Further straining the trade ties between both the countries, China has issued an advisory cautioning its citizens against traveling to India in response to an Indian embassy's warning last week to its traders against doing business with Chinese sellers.
The advisory, which was posted on the Chinese foreign ministry website as well as in the website of Chinese embassy in New Delhi Friday, cautioned its citizens about disruptions in travel schedules due to widespread protests in India against the recent hike in petrol prices, Press Trust of India reported.
"According to Indian media reports, many places in India are witnessing protests and strikes due to the recent hike in oil prices. Railways and highway transport have either come to a halt due to strikes or have been impacted to different degrees," the advisory said.
"The Chinese embassy in India would like to alert the Chinese citizens about this and request them to confirm their itinerary with related agencies to avoid delays."
"At the same time, during this period, they should be careful about personal safety and safeguard their personal belongings," it said.
The advisory, which came ahead of Indian minister for external affairs SM Krishna's trip to China to participate in the Shanghai Cooperation Organization (SCO) scheduled to start June 6, has surprised Indian officials as Beijing very rarely issues such travel notices to its citizens through ministry sites.
The new advisory, close on the heels of India's response to the nationalist Global Times article by a law professor justifying the abduction and abuse of the Indian traders over financial disputes, is seen as a retaliation by the Chinese officials.
Indian embassy in Beijing had earlier written a sharp rejoinder in response to a Chinese media report which argued that the three Indian traders, who were kidnapped and abused by Chinese suppliers, bore the responsibility for the incidents by delaying or defaulting on payments after having made the purchases in advance.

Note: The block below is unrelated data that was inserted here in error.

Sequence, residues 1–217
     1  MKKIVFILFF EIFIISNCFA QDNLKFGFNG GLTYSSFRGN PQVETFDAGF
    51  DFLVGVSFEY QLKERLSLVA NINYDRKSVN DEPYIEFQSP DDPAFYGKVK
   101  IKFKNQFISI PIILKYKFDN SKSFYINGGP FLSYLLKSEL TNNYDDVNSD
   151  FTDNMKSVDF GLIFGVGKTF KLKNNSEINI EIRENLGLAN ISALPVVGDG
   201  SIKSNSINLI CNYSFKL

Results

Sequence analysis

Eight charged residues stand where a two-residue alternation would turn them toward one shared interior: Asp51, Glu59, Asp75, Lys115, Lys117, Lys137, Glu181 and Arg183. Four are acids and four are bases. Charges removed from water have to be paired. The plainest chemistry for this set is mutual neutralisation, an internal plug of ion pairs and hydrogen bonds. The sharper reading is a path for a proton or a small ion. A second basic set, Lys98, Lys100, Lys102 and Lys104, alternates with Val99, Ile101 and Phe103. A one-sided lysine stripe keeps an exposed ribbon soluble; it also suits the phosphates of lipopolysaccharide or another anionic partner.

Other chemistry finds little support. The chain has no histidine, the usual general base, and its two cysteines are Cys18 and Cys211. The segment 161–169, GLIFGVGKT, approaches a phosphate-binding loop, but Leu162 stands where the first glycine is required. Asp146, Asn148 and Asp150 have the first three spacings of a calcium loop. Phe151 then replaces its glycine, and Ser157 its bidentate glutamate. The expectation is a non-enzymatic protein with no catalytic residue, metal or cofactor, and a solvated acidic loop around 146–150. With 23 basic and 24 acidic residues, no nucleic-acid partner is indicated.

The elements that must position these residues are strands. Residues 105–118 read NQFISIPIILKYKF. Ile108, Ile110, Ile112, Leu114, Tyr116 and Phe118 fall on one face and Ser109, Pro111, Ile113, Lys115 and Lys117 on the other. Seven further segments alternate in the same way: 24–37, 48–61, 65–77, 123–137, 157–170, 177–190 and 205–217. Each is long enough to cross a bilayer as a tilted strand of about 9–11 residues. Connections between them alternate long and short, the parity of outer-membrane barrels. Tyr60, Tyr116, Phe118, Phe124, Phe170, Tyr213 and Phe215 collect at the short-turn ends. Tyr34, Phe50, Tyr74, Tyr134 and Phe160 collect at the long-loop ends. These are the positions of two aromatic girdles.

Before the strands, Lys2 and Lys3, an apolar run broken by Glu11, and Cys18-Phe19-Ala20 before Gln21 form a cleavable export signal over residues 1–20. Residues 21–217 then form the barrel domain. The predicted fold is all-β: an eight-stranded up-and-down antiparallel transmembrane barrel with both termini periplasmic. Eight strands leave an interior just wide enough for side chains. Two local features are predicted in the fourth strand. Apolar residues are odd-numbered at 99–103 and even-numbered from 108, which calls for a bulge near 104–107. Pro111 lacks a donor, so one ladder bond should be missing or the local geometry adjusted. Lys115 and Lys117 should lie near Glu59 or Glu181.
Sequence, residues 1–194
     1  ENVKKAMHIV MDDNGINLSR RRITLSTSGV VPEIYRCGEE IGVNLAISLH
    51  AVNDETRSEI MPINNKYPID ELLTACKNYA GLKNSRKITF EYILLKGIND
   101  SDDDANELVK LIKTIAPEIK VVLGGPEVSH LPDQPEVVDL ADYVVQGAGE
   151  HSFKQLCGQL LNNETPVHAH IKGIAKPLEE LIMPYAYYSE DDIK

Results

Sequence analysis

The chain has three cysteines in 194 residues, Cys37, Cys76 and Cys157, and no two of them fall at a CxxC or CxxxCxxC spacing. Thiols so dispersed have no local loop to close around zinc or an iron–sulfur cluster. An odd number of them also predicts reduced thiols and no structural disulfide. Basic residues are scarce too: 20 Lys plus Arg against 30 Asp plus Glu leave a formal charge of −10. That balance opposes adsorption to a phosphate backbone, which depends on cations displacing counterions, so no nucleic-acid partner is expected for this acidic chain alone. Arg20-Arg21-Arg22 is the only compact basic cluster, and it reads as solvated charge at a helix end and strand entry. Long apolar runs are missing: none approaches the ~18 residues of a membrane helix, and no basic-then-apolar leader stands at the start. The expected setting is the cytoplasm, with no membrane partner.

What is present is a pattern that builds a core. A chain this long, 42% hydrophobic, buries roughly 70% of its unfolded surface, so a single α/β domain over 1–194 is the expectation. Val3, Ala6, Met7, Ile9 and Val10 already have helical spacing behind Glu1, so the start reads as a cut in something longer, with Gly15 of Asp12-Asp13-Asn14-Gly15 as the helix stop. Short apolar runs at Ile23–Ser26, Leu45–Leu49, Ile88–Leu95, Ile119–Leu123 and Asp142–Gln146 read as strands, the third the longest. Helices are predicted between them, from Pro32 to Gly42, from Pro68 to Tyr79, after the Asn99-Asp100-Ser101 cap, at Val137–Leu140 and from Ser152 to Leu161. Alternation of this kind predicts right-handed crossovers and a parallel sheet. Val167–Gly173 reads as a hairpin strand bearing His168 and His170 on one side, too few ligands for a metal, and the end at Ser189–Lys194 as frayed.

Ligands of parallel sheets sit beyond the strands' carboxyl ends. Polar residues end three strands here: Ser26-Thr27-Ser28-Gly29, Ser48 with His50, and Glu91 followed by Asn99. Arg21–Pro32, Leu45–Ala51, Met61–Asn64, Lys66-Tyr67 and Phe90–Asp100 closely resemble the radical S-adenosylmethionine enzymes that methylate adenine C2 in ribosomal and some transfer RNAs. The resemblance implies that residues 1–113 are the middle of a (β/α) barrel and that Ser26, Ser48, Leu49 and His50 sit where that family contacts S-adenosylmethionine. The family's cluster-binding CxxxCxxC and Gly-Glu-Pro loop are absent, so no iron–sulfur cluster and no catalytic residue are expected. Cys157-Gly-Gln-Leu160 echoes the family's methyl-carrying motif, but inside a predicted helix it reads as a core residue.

"It's understandable that the sellers may adopt some radical actions to demand payment, given the potential damage to their business," Global Times said in the article, which was published in response to Indian embassy's advisory issued last week, warning Indian traders not to do business in Yiwu, a market town in Zhejiang Province, following a series of controversial business disputes involving the Indian traders.
The Indian embassy posted a statement on its website Tuesday in response to the Global Times article, saying it was "extraordinary that a professor of law finds 'understandable' what he himself describes as solving 'the issue by force' that includes 'illegal detaining' of Indians."
"The prevalence of such views and that your newspaper has chosen to print them makes the case for our advisory even more compelling. The professor from Yiwu thinks that 'radical actions' are a solution to trade disputes. Others like us expect, perhaps optimistically, the rule of law," Vinayak Chavan, secretary at the Indian embassy, said in the statement, questioning the rule of law in China.
The abduction of Mumbai-based trader Danish Qureshi on the night of May 19 by Chinese traders for refusing to pay an amount of 165 million Yuan (over $25 million) led to the fallout between the officials. Qureshi was allegedly abused by the traders and was released after five days in captivity.
In a similar incident last year, Indian businessmen, Deepak Raheja and Shyamsunder Agarwal were also kidnapped and abused.
India's foreign minister is expected to discuss the issue during his visit to China.
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